No, crazy talk is sacrificing your sleep for something you can watch at any time, and doing this on a depressingly regular basis. As with point #6 – aim for balance. It’s okay to watch one episode. It’s okay to not watch ANY TV that evening. The Episode isn’t going anywhere; it’ll be waiting for you when you have the time to watch it while getting to bed at a reasonable hour. Seriously, stop being an idiot and plan for bed at a decent time, the latest episode can wait.
So, why is sleep important? Well, when you sleep is when your body will produce a good chunk of the hormones that your body needs. To do that, it will utilise your fat and metabolise it both to produce the hormones you require and to fuel any repairs to be undertaken when you sleep. If you don’t sleep well, you wont metabolise fat well. Not just that, you’ll be woolly-headed and tired the next day so when you attempt any physical exercise you wont be at your best and wont be getting as much out of it as you can. You’ll also be irritable and grouchy, likely to reach for comfort foods and well, screw that healthy eating crap anyway, you feel like hell and want to feel better today.
See? Poor sleeping patterns attack from all angles and it has a serious ripple effect on your daily life which will then in turn negatively impact any strides you’re making for points #1 - #6. Prioritise your sleep; you’re not an infant anymore, so nobody is going to be bundling you into bed when they become sick of your shit.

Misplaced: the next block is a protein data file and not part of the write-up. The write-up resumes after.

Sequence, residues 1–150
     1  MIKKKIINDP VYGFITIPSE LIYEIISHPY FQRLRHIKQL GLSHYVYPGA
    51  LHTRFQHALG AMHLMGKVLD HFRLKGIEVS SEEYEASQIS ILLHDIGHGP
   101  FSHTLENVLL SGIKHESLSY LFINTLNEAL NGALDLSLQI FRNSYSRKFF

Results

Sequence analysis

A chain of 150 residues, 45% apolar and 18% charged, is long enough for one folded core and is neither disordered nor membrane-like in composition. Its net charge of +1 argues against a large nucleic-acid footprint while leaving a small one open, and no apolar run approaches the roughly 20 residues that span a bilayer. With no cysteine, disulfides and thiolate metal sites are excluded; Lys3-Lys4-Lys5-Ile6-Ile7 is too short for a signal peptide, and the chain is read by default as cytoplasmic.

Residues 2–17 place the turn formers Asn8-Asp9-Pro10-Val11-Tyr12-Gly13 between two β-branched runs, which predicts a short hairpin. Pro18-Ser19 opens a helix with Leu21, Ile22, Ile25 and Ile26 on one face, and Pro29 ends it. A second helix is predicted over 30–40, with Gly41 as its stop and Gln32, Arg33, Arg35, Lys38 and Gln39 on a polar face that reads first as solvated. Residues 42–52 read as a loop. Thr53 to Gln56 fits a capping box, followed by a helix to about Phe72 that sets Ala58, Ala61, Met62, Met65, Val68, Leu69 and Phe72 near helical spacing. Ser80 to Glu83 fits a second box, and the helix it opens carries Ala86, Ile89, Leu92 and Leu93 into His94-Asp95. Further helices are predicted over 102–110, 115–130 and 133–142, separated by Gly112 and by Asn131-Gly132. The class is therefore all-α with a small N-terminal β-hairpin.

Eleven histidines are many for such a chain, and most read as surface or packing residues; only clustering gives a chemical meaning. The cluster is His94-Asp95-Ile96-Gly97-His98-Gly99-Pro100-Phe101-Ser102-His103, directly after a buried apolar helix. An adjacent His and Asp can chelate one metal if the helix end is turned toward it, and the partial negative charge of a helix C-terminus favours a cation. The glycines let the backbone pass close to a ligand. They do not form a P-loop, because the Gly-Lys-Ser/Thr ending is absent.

Laid out as it is, it looks simple. The theory is; the application is anything but.
So how to make use of all the tips above?
Start small. Take one tip at a time and draw out what you can do to help yourself achieve it, however small. Some good examples: swapping out sugar in your tea for sweeteners, dropping cereal for breakfast and having some eggs instead, cutting out half of your total fizzy drink/alcohol intake etc. Steps don’t have to be drastic or sweeping in their application, small steps are easier to achieve and easier to stick to.
Now have a look at these steps and think about how much ‘pain’ or discomfort it will cause you to apply these to your lifestyle both individually and all at once. If it feels like a huge sacrifice to take any of these steps in a meaningful way, then it’s either:
1) You’re not ready to change and are not motivated enough to do so. Come back and read this again when you think you will be. Seriously. It’s okay to take a mulligan and try when you are actually ready and committed. Nothing will put you off trying something faster than trying something and failing spectacularly as you weren’t prepared for it.
2) You’re not applying tip #6 and are imposing something too strict on yourself. If it feels like a hardship or punishment, you will treat it as such and your level of compliance will be low to zero.
If you think you still need further help, reach out to a professional. For the most part, consultations are free and this a definite route to take if you struggle with starting any of the above steps. Visit my another Blog...